Open Access

Evaluating the immune responses of mice to subcutaneous immunization with Helicobacter pylori urease B subunit

Journal of Animal Science and Biotechnology20145:14

https://doi.org/10.1186/2049-1891-5-14

Received: 18 July 2013

Accepted: 3 February 2014

Published: 22 February 2014

Abstract

Background

Helicobacter pylori, a gram-negative bacterial pathogen that expresses a strong urease activity, is associated with the development of gastroduodenal disease. Urease B subunit, one of the two structural subunits of urease, was expressed in E. coli BL21 (DE3) strain. The objective of this study was to evaluate the effects of Helicobacter pylori urease B subunit on the immune responses in mice by subcutaneous immunization.

Methods

The mice were immunized and boosted with Helicobacter pylori urease B subunit antigen subcutaneously three times with 2-wk intervals between the immunizations and boosters. The mice in the control group were immunized with PBS. The adjuvant group received PBS containing complete/incomplete freund’s adjuvant identical to antigen group without Helicobacter pylori urease B subunit antigen. Four weeks after the final booster, all the mice were sacrificed. Blood was collected on d 0, 14, 28 and 56 before immunization, booster and sacrifice, respectively. Immediately after sacrifice, gastric liquid and spleen were collected for antibody and cytokine analyses.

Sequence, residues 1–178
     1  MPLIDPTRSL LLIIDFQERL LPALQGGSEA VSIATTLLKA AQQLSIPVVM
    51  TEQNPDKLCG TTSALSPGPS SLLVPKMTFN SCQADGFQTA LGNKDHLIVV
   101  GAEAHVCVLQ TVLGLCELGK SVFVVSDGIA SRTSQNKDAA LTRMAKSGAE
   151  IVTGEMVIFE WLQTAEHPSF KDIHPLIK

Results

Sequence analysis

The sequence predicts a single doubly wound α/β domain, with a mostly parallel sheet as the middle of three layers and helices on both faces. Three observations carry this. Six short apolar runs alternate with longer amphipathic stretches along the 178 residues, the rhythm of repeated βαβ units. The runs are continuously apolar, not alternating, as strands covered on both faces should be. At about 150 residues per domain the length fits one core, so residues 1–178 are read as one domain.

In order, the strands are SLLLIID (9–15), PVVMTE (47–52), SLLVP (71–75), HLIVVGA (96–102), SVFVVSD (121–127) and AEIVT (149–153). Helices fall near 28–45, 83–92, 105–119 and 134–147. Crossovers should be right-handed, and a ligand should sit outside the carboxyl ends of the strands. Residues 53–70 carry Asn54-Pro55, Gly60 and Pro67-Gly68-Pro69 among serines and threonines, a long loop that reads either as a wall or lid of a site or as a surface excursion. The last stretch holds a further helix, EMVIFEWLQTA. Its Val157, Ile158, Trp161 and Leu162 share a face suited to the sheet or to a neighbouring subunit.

Results

Urease B subunit increased the concentrations of serum and gastric anti-urease B antigen specific IgG, and the levels of interleukin-4 and interferon-γ in splenocytes of the mice (P < 0.05).

Conclusions

This study demonstrated that recombinant urease B subunit can induce systemic and local immune responses in mice by subcutaneous immunization, which might be used as the effective component of vaccine against Helicobacter pylori.

Keywords

AntibodyCytokinesHelicobacter pylori urease B subunitMice

Introduction

Helicobacter pylori, a gram-negative bacterial pathogen that expresses a strong urease activity, is associated with the development of chronic gastritis, peptic ulceration and gastric carcinoma [1]. It is one of the most common bacteria that infect people and more than half of the worldwide population has been infected. Although the application of H2 antagonists, antibiotics and recently proton pump inhibitor (PPI) can temporarily eradicate H. pylori infection, negative effects concerning antibiotic-resistant strains always limit the treatment [24]. In case of the difficulty in completely eradicating H. pylori from the upper gastrointestinal tract of the patients, utilization of a safe and effective vaccine might be the ideal strategy to immunologically prevent H. pylori infection [57].